Independent reading courses may be either foundational reading courses or advanced reading courses. Students are required to submit a copy of their Learning Contract agreed to by the professor to the Director of the Graduate Program in Integrated Studies (see Learning Contract).

Foundational Reading Courses

These courses are for students wishing to establish a strong base of understanding of the key authors, research, and knowledge in a subject area. Typically professors determine the majority of the readings required in the area, while students suggest specific additional reading.

Advanced Reading Courses

These courses are for students who have a solid background in an area and wish to study in depth a specific problem or question. Students work with their professors to define an area of study and to identify the assigned readings.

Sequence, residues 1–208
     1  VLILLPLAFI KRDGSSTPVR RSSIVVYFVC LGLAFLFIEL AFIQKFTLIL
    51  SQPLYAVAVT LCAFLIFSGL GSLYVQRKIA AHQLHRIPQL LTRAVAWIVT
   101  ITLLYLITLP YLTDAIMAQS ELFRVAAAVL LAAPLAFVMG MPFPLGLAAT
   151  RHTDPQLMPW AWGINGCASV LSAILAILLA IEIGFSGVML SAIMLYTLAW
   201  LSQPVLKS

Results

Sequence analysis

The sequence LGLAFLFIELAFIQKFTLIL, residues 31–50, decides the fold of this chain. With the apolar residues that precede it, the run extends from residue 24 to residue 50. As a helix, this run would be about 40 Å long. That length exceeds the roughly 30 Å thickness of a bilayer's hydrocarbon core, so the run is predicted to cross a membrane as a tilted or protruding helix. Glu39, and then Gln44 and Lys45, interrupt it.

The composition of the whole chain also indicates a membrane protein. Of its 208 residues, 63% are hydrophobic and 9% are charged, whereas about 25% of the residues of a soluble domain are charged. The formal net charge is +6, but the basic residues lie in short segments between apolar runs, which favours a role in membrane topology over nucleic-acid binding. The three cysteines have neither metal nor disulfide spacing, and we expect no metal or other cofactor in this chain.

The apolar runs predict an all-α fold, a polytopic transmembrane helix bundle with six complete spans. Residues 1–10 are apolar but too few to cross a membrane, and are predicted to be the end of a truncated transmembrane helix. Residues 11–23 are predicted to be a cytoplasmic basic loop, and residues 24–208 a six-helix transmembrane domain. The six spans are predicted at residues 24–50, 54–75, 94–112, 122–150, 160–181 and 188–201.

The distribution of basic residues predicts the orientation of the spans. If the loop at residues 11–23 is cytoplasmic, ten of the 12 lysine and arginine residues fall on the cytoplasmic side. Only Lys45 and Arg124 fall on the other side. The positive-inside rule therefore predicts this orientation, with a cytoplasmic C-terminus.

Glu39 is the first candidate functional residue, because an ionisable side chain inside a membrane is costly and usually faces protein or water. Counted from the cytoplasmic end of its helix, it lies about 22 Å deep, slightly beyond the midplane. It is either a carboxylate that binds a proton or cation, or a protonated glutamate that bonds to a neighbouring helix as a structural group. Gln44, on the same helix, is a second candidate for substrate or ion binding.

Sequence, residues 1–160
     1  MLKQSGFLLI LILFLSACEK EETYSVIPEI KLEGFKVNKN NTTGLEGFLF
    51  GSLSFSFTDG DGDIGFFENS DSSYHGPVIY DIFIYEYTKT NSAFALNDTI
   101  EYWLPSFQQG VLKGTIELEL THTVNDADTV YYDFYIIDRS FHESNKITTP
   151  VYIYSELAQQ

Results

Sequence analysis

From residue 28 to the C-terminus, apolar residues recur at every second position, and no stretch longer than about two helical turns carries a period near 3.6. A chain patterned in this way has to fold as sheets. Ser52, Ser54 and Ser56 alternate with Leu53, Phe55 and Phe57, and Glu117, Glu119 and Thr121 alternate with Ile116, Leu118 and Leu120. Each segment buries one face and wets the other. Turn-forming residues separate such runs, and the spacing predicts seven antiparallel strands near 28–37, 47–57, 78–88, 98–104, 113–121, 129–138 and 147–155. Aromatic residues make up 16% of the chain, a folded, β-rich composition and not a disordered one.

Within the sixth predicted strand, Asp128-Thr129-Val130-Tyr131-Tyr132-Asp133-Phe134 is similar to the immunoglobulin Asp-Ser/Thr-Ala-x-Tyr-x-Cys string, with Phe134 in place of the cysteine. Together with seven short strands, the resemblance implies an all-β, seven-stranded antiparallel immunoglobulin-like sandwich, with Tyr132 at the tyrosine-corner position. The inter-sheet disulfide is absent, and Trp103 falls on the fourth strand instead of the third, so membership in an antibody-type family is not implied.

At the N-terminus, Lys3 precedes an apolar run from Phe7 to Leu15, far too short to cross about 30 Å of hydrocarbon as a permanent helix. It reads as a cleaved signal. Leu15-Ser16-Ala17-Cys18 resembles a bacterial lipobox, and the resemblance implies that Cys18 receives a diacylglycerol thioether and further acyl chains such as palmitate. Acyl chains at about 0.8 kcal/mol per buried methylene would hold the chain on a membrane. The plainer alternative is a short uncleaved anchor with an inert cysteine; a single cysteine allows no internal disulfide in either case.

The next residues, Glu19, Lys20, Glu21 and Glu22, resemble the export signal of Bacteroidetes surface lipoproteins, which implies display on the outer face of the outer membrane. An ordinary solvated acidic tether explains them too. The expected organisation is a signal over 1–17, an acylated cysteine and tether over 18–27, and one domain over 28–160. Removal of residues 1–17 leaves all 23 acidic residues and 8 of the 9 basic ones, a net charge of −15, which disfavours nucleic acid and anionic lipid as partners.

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Focus Areas

Upon completion of the two MA-IS core courses (MAIS 601 and MAIS 602) and two elective courses, students are required to declare a focus area by submitting a study plan to the MA-IS Office for the Director’s approval.

A minimum of four courses within a focus area must be completed before a specialization in that area of study is awarded. Students must complete at least one focus area and four elective courses before undertaking their Final Project.